Earlier this year, Slade School of Art student Jeremy Hutchison cheekily took Ambrose Heal’s 1915 logo: ‘NOTHING NEED BE UGLY‘ and turned it into ‘the iconography of a totalitarian state’ for an Artist-in-Residence window display at Heal’s. “I wanted to critique the way that modernist design makes us behave: like polite robots,” he explained. “Curiously, my critique was licensed by the brand itself. An institutional critique – assimilated by the institution itself. I’m still getting my head around it!” Heal’s has now commissioned Jeremy to create a whole range of products and has plastered his designs across mass-produced tableware, doormats, framed prints, postcards, bags, mints and cushions. Oh, the irony!Ideal Home - HomeShoppingSpy - Heal’s & Jeremy Hutchison (December 2010)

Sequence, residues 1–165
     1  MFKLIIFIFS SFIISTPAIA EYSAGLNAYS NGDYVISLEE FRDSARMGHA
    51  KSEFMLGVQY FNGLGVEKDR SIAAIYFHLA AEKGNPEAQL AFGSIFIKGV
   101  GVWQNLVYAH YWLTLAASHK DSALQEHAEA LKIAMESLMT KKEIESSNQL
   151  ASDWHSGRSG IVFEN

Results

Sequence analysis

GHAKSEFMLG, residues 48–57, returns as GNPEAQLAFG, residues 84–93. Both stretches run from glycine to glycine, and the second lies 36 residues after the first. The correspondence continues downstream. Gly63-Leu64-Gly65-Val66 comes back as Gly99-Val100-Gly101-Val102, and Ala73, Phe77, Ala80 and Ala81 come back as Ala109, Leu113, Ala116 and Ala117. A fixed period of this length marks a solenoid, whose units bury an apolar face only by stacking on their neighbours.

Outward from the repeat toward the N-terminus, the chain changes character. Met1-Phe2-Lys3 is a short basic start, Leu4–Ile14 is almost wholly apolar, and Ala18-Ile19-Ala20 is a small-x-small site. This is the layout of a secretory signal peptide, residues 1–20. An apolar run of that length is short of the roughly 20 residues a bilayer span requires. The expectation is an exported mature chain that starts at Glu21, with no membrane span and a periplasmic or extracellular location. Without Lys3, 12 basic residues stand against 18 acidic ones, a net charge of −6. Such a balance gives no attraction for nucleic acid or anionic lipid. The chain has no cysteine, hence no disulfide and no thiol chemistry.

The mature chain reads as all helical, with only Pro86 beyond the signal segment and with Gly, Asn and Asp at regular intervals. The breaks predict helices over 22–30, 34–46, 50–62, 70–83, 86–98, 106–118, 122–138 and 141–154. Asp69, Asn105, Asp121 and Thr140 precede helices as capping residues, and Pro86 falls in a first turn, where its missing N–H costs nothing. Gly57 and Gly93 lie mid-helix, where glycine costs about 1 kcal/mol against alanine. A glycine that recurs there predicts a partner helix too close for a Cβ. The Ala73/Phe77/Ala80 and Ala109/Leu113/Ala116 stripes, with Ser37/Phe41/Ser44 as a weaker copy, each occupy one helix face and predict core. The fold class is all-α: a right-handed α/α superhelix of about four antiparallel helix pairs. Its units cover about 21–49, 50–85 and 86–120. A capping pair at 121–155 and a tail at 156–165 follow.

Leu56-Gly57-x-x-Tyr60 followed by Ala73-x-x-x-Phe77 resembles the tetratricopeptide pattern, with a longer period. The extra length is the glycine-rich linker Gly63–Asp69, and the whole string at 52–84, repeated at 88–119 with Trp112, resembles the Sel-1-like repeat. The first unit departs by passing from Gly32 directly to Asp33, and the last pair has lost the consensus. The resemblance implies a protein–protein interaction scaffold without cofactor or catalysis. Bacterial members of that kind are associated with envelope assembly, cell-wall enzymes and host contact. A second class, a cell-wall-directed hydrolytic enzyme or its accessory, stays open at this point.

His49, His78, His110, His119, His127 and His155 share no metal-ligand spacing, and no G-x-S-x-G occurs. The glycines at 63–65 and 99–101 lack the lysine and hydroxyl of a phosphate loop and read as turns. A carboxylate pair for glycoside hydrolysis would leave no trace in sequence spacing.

Jeremy graduated from the Slade School of Art in the summer of 2011 and was one the artists selected for the Saatchi New Sensations show this October at B1, Victoria House, Bloomsbury, London WC.  

    I predict a great future for this artist - definitely a "watch this space" artist!

    He's certainly a lot more interesting than a lot of contemporary art these days and brigs both a deft and light touch to the arena of art and social comment

    6. Peter Marsh - Untitled

    I always get in a mess when working with charcoal so I'm in total awe and admiration of anybody who can wield the stuff so as to create this sort of drawing without making a mess.  The drawing includes lots of very fine lines at right angles and very subtle tonal changes